Kimberley's inmates say book club keeps them mentally fit

2017-03-17 10:38
From left to right : Moeketsi Ramolahlwane, Tshiamo Ngakaemang, (libarian Kediemetse Radebe, Khotso Leshole, Louis Engelbrecht and Phuthuma Msuthwana. (Ntozakhe Mthukwane)

From left to right : Moeketsi Ramolahlwane, Tshiamo Ngakaemang, (libarian Kediemetse Radebe, Khotso Leshole, Louis Engelbrecht and Phuthuma Msuthwana. (Ntozakhe Mthukwane)

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Kimberley - Residents serving time behind the high walls of the local jail have turned to books to keep mentally fit, in preparation for a better life once released.

Offenders at the Tswelopele Correctional Centre in Kimberley, Northern Cape, have access to a high school which caters for Grades 7 to 12.

The school is accredited by Umalusi and uses the CAPS curriculum. The principal Oduetse Malefo, tells News24 that correctional services employs qualified teachers.

“We have realised that South Africans generally do not read books. It is already hard for the average person to get a job. We have 19 book clubs aimed at capacitating offenders with skills in our facilities throughout the Northern Cape region,” he explains.

The correctional centre, as authorities prefer calling it, boasts a well-resourced library with books and newspapers from donors and local residents.

Tswelopele, meaning “progress”, is a new generation and model correctional facility with over 3000 inmates.

In an attempt by authorities to depart from the prison paradigm, they use words like “inmate”, “resident” and “offender”.

Correcting wrong behaviour 

“If you call a person 'prisoner' he will behave as such. Our new system focuses on human rights and seeks to correct the wrong behaviour which is a break from the past punitive system,” the facility’s head Johannes Hendrick says.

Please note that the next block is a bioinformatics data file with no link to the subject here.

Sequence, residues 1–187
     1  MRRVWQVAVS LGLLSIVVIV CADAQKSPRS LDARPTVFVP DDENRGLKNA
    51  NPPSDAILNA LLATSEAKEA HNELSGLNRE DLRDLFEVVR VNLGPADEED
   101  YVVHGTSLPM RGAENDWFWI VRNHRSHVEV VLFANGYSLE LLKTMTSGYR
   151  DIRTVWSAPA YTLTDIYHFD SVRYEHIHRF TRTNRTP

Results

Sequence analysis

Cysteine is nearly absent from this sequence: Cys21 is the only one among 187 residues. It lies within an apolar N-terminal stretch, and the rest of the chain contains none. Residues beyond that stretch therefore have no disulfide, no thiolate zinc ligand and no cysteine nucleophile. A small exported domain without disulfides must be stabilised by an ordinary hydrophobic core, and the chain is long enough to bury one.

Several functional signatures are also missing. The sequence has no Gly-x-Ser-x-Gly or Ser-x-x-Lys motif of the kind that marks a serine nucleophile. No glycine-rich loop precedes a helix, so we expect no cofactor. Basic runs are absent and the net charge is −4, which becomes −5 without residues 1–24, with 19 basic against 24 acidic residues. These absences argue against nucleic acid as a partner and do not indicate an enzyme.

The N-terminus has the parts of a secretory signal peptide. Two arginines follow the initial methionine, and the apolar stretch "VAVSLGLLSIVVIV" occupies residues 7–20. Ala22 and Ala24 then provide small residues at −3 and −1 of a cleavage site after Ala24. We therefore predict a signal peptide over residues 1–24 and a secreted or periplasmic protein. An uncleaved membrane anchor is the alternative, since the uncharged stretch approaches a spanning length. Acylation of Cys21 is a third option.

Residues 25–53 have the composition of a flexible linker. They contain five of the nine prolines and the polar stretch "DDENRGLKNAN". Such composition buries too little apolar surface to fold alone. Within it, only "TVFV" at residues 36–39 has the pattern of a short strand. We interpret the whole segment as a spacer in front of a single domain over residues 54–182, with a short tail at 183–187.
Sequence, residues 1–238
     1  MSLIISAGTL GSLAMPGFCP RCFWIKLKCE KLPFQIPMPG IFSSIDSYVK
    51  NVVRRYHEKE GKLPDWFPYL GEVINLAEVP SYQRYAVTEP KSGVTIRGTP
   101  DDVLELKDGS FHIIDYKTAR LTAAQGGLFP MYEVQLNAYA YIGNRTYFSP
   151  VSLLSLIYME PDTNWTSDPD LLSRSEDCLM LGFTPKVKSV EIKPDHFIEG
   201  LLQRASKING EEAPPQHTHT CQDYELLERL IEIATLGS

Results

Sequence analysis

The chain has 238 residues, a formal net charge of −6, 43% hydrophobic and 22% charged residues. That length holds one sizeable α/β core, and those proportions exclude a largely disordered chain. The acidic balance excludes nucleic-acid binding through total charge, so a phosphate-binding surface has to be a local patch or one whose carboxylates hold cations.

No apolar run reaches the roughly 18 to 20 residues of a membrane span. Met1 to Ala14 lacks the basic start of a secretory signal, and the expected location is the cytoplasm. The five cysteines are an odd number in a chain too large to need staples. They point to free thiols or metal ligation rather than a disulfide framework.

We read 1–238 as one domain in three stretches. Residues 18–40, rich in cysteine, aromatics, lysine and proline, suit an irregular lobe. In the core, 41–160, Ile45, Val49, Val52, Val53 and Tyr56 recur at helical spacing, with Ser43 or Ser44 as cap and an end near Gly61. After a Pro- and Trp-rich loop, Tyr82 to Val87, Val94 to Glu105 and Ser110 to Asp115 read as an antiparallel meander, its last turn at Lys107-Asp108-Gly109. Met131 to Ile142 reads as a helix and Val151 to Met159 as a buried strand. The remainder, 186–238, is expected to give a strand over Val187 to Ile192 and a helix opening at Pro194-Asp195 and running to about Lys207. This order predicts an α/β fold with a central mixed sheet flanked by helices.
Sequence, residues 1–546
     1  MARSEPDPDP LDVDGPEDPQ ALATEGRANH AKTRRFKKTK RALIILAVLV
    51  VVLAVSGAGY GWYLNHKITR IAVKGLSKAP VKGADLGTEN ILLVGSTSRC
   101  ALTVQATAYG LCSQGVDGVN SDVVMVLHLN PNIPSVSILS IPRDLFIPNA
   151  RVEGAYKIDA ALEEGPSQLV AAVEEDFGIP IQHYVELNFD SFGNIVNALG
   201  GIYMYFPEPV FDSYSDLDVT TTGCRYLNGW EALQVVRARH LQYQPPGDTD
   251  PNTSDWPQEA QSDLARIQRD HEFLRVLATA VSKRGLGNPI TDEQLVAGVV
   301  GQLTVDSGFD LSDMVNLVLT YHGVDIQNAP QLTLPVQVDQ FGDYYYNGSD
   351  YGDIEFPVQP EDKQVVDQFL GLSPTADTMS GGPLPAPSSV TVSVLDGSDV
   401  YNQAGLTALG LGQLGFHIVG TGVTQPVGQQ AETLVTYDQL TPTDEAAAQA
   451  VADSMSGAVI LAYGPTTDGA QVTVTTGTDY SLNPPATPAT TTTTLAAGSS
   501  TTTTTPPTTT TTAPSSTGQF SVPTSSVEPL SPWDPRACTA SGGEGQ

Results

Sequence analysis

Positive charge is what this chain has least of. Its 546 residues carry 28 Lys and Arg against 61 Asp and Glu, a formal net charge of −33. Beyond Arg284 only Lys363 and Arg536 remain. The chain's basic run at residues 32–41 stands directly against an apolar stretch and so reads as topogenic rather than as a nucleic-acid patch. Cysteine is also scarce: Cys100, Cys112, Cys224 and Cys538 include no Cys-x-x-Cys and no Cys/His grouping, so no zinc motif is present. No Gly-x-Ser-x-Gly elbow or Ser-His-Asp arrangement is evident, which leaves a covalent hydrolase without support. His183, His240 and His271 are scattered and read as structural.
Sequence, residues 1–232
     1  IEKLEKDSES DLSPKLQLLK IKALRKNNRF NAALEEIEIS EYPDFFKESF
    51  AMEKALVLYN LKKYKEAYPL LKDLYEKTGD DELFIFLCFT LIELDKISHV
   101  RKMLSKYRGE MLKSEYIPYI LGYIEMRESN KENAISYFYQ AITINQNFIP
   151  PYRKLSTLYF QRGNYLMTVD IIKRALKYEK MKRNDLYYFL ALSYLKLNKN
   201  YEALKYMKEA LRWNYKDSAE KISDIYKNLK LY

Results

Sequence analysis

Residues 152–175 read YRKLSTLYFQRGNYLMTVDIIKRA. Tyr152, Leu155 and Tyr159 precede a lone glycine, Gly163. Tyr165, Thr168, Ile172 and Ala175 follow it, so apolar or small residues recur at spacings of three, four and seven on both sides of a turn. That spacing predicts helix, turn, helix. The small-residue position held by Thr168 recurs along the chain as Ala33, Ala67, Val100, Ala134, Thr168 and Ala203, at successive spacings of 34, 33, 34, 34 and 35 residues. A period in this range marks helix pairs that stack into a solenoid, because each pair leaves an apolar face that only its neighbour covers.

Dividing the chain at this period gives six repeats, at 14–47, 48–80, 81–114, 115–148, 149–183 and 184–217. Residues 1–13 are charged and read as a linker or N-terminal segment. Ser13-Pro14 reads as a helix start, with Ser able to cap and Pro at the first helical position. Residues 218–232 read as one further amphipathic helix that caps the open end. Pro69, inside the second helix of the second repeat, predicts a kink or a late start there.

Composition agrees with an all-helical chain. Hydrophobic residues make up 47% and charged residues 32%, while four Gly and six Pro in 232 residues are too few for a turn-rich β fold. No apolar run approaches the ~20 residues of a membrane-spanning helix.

Despite this, the facility has tight security measures which can even detect the presence of a cellphone.

Librarian and book club co-ordinator Kediemetse Radebe explains that their material is biased towards indigenous languages.

“We even have prisoners busy with their manuscripts in Xhosa, Sotho, Tswana, Afrikaans, and English.”

The book shelves include titles like Escaping Trauma, an anthology of poetry by local award- winning author and journalist Sabata-Mpho Mokae. Mokae regularly holds readings at the facility.

Sol Plaatje University vice-chancellor Yunus Ballim says his institution will continue to support the centre.

“It’s a known fact that crime syndicates rely on ex-offenders to recycle their activities. Ex-offenders can't be condemned to a permanent life of rejection. We are donating books to keep them afloat,” he says.

Moeketsi Ramolahlwane, 41, of Gauteng, is in his seventh year of a life sentence for armed robbery and murder.

“I'm currently reading If You’re Not Growing You Are Dying by David Molapo. Hopefully I will gain enough skills as part of my sentence plans,” he quips.

Father of three Tshiamo Ngakaemang, 43, who is serving a 10-year sentence, says the book club has boosted his public speaking confidence, which will help him after his release.

Phuthuma Msuthwana, 29, said he was excited that he would soon be released.

“I've learnt about character construction from the book club. We are more than 50 in a cell. I know all different human characters. I will be writing stories in Xhosa to show my acquired skills,” he says.

Read more on:    kimberley  |  prisons  |  good news

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